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APRIL 15+16 2024 
Break the Cycle of Children's
Mental Health Disparities:
Environmental Perspectives 

Register for the 19th annual Break the Cycle Conference


The conference is free and open to all!

Please register to attend virtual or in-person

1st Annual Virtual Conference:
Break the Cycle of
Children’s Environmental Health Disparities in Africa

 JULY 17+18 2024 
Project Proposal Deadline: April 30

Hosted by:

Centre for Children’s Environmental Health of South Africa

University of Zambia- School of Public Health

Break the Cycle of Health Disparities, Inc.

Break the Cycle of Health Disparities, Inc.
is a non-profit established to explore
the social, economic and environmental determinants of health
for children living under circumstances of social and economic disadvantage
in communities of color disproportionately burdened by
racial and environmental injustice.

The children from these communities are more likely to have adverse health outcomes aggravated by limited health care and educational resources resulting in
the perpetuation of intergenerational poverty and health disparities conceptualized in
a Cycle of Health Disparities.

The goal is to Break the Cycle of Health Disparities by:

Developing an enhanced understanding of the relationship between social and economic disadvantage and the prevalence and severity of adverse health outcome

Supporting and developing programs and strategies that will improve the health of children in vulnerable communities

Supporting and coordinating research in promotion of health related to adverse social and economic circumstances and adverse environmental factors

Actively promoting health equity by training of health care professionals, influencing health care practices, and shaping Public Policy


cycle diagram


The threats to children’s health and well-being are often multiple and complex.
Children are at greater risk for adverse environmental factors because they are growing and developing.


Today, health concerns for children, such as asthma, obesity and its complications of hypertension and diabetes, and neurodevelopmental disorders are often caused or exacerbated by environmental factors.

This is a challenge, not only at an individual level, but also at the level of the family and community, and, ultimately, it also has an impact on society in terms of the potential loss of human potential, the need for prevention and management strategies, and the utilization of resources of necessary resource to promote health. Additionally, there is a societal impact in terms of the cultivation of its future citizens, workforce, and leaders.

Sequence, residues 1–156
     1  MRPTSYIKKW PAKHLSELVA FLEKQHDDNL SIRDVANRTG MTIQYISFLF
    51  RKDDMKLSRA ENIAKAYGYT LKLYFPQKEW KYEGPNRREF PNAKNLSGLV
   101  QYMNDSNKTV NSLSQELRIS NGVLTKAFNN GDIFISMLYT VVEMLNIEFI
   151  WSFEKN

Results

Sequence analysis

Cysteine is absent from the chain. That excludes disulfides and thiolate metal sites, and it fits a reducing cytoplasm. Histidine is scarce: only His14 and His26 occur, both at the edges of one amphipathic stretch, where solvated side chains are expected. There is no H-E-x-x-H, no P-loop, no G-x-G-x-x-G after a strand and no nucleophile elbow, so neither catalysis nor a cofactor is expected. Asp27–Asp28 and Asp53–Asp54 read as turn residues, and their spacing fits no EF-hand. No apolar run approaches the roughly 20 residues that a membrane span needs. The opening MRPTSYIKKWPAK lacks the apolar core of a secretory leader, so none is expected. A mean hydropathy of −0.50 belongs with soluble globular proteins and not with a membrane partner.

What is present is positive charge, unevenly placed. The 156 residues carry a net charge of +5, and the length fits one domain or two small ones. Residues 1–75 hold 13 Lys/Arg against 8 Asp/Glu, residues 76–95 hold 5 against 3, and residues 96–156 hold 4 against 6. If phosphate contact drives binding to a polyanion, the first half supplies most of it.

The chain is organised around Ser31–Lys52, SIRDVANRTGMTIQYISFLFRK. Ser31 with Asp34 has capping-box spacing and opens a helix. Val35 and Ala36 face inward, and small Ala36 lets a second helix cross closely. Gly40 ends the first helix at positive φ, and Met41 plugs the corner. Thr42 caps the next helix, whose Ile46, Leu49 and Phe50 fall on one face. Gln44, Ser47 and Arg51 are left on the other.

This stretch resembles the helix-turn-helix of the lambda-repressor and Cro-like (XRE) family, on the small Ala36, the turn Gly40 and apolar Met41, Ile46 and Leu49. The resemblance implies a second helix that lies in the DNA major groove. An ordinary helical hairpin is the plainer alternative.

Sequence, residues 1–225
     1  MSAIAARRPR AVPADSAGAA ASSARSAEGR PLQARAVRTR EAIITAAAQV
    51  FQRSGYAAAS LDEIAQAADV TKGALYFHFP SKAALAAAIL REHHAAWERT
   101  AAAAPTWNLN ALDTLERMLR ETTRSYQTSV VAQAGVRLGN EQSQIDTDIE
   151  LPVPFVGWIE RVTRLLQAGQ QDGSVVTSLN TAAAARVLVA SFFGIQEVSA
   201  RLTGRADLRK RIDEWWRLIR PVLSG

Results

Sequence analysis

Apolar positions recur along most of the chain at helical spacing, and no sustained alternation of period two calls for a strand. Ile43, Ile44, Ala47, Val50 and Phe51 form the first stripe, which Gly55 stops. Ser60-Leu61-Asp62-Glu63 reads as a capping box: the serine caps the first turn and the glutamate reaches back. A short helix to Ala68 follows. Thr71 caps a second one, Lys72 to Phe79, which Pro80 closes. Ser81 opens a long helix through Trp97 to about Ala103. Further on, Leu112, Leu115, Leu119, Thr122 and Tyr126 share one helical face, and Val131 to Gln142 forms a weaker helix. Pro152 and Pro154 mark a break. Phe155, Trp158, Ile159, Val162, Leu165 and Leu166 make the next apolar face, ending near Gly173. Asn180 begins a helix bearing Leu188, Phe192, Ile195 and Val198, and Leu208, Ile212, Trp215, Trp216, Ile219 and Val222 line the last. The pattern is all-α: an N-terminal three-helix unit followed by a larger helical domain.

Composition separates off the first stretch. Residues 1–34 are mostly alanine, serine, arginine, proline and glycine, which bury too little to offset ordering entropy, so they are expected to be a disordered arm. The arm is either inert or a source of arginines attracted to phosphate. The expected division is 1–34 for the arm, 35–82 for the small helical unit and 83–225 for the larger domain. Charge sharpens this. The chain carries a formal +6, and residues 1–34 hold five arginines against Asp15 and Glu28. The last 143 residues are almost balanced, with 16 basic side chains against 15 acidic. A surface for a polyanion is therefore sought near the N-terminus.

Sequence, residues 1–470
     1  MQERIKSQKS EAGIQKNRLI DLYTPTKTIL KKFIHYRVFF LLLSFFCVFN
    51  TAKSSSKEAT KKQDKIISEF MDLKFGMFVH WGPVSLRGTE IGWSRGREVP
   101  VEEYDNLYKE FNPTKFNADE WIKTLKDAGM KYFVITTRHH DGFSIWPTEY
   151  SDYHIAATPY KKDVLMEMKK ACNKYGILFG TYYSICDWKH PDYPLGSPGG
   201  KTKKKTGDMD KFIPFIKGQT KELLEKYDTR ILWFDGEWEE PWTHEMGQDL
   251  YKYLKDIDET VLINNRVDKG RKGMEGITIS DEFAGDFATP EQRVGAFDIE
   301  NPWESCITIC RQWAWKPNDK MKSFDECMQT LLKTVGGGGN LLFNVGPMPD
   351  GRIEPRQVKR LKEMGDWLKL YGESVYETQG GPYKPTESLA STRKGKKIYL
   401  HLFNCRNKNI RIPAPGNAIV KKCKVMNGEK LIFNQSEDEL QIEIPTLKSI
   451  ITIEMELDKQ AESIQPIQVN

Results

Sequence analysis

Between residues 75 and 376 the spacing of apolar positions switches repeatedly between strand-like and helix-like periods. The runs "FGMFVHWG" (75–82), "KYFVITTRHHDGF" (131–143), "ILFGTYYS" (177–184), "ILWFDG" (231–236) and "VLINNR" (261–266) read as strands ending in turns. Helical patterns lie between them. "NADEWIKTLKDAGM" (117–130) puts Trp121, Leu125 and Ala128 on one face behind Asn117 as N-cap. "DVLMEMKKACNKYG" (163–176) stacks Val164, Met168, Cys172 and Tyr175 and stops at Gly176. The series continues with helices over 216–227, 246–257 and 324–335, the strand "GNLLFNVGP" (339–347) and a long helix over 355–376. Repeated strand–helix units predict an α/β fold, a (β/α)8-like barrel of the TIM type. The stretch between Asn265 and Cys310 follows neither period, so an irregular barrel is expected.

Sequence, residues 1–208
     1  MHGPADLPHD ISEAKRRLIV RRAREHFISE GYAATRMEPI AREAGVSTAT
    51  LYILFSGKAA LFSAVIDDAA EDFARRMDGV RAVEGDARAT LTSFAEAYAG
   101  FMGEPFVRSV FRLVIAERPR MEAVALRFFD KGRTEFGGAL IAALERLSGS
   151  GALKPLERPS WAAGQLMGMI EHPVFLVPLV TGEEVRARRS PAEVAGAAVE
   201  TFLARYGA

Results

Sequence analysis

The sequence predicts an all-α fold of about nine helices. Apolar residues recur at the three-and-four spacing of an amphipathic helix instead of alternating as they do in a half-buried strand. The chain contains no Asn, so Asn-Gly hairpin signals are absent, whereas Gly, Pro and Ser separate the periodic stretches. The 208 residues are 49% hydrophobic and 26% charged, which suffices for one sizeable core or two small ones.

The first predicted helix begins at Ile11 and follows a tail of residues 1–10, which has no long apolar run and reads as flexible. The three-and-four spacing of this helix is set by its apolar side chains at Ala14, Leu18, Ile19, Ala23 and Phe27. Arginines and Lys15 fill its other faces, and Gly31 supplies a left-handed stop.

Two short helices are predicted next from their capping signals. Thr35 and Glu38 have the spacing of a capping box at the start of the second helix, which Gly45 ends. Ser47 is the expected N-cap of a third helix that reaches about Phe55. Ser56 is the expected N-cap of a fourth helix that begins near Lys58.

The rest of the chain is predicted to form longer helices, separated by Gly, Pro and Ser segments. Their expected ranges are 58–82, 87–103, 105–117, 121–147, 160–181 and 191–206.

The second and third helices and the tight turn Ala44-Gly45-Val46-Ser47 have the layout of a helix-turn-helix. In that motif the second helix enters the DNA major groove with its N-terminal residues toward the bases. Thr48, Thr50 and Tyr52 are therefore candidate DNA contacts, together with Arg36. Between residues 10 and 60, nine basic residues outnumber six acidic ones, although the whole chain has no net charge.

Children who grow up in an environment of social and economic disadvantage are at greater risk for exposure to toxins like lead and other chemicals.

They are impacted by the age and quality of the houses in which they live as well as the schools where they learn, the infrastructure of the communities in which they live, the risks of violence that they may experience, and the associated emotional stress that they face on a day to day basis. 

The vulnerability of these children is therefore greater by virtue of their risks for exposure, magnified further by limitations in support for optimal education, access to quality health care, infrastructure, and limited social capital.


The impact can be greater because the risks are often cumulative resulting in health disparities.​

Rwandan Children
Prize Badge

Dr. Rubin recognized by 
Exceptional Parent Magazine
as one of the 50 Advocate Heroes 
in the 50 year history of the publication.


The Break the Cycle Program

Break the Cycle is a multidisciplinary academic program that focuses on cultivating future leaders in all academic fields that have an impact on the social, economic, and environmental determinants of health. 
This program offers a broad look at the relationship between social and economic disadvantage and developmental disabilities and other chronic medical conditions.

Each year, students and faculty from a variety of colleges and universities participate in developing projects that will Break the Cycle of Children’s Environmental Health Disparities to promote health equity for all children.